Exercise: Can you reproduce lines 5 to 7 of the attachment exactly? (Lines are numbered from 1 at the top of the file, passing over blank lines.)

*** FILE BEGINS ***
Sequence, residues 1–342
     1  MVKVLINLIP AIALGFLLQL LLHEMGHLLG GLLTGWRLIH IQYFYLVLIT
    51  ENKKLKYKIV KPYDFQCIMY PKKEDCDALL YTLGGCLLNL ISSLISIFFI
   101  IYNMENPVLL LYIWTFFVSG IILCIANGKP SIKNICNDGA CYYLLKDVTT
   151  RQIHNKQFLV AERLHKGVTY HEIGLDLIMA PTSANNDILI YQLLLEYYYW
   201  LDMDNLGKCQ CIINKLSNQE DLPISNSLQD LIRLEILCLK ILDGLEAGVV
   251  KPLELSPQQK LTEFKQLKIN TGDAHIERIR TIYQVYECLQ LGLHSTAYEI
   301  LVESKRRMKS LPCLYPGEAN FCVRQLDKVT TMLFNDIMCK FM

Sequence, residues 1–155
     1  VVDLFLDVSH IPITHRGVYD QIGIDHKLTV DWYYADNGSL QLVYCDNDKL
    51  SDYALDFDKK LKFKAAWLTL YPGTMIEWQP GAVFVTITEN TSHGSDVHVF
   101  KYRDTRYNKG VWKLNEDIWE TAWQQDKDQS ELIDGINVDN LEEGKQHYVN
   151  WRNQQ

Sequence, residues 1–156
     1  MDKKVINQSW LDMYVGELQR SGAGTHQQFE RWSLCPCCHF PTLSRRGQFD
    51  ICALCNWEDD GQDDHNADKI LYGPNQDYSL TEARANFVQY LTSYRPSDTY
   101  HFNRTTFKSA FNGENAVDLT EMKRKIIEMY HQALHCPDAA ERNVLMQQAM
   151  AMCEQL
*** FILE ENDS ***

   151  RQIHNKQFLV AERLHKGVTY HEIGLDLIMA PTSANNDILI YQLLLEYYYW
   201  LDMDNLGKCQ CIINKLSNQE DLPISNSLQD LIRLEILCLK ILDGLEAGVV
   251  KPLELSPQQK LTEFKQLKIN TGDAHIERIR TIYQVYECLQ LGLHSTAYEI